My dad had a Gremlin. A genuine, certifiable POS. Argh!
I used to drive a Greenbriar at work. It was the worst vehicle I ever drove: underpowered an dangled dreadfully. I thought I was in a Ferrari when I drove home in my Corvair Monza, the Greenbriar was so bad.
I have a couple of funky suggestions for you. First, a 1960s Citroen DS and second, a 1970s Citroen SM. The attached photos show the DS on the left and SM on the right. Are they strange enough for you? Parts won’t be easy to get in the USA, but Europe is closer than ever with the internet. There might be parts available in South and Central America, too. If you must have something where parts will be a bit more available, try a Merkur XR4ti. I had one as a rental in the 1980s and was quite impressed with it.
How about an AMC Eagle,they aren
t actually ugly like the gremlin, they are kinda of cool looking because they are 4 wheel drive,I dont see many of them where I live.
I actually like those AMC Eagles a lot also. A guy who lives in a small town about 10 miles south of me has 4 of them sitting out behind his house. Not for sale; just taking up space and rotting.
Regarding the Gremlins, those things have a cult following now and can bring some serious money.
A Gremlin X on eBay went for well over 13 grand.
Here’s a Gremlin for you…
jtsanders Citroen DS and SM are wonderful automobiles but can be a money pit in the U.S. with parts very expensive or unobtainable. The Merkur XR4ti is a good suggestion.
tardex The AMC Eagle is also a good suggestion.
I give you, the mirth mobile! AMC from Wayne’s world.
The flames should be bigger. And more real.
They should have named it the “la plaga”.
Those Citroens you guys mentioned are certainly good looking
But they command a pretty steep price
Going that route would not be cheap
IMHO the young lady would probably spend years trying to get the parts to fix up an old Citroen. The fun of restoring a car is not in waiting months for parts. I think she’d be better to look for something with readily available and affordable parts.
yeah, there were a couple nice citroens, sitting by a shop, that I admired back in the 80 s.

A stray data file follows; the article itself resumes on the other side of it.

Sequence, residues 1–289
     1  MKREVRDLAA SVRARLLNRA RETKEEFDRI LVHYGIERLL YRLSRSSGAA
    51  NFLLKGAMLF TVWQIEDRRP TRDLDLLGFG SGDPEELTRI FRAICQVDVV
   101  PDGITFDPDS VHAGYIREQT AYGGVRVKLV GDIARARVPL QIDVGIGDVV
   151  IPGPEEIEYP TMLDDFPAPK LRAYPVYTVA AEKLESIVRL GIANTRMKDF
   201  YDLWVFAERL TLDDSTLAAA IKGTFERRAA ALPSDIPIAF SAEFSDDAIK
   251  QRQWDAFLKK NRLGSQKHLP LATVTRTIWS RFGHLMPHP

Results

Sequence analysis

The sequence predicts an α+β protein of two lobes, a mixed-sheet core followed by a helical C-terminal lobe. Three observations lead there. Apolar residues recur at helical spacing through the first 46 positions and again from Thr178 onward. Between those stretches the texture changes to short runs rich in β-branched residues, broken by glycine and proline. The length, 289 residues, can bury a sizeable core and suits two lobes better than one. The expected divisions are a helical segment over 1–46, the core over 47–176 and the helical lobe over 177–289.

they were sitting in the 90 s… sitting in 2000…
gone now, but I doubt that they were driven away
The Merkur XR4Ti at my house. This one has a 308 Ford V-8 with dual 4-barrels and a Lincoln AOD transmission. The shaker scoop is from a 70s era Pontiac Trans Am.
The problem with most truly ugly cars that few people want them. That means that parts won’t be as readily available unless they share a bunch with a more popular car. It’s not necessarily cheaper to restore a Pacer than a Mustang. The Mustang will cost more up front (depending on year, body style, engine, condition), but there is an active marketplace in parts, both original and repro. With an unpopular car you used to go to Big Bob’s Acres of Dead Cars and go find what you needed, but most of those have been replaced by salvage operation that pick the carcass clean and shred the rest. They know they can sell just about anything on a '65 Mustang, and hardly anything on a Pacer. Makes those parts a lot harder to find.
So, my advice is to, of course, buy something you like, staying away from the cars people don’t remember fondly (no Pinto.)
The sixties is the sweet spot. You avoid the poorly engineered early emissions gear of the seventies and the unreliable computerization, too. Cars of the sixties are mostly straightforward and there is a lot of room under the hood to reach things.
There is a growing number of people restoring station wagons of that era. I know that’s what I’d want as I spent so much time in the back seats of both a 1965 and a 1971 Ford Country Sedan. That’s the more basic model without the fake woody look. Restorers say the fiberglass framing that surrounded the flat woodgrain areas is very hard to find intact and last I know there weren’t retro parts. As the parts got damaged many owners pulled them off their ancient wagons and threw them away. The ‘65 is a cooler car than the’ 71, but my family had the latter car for longer and I have more fond associations.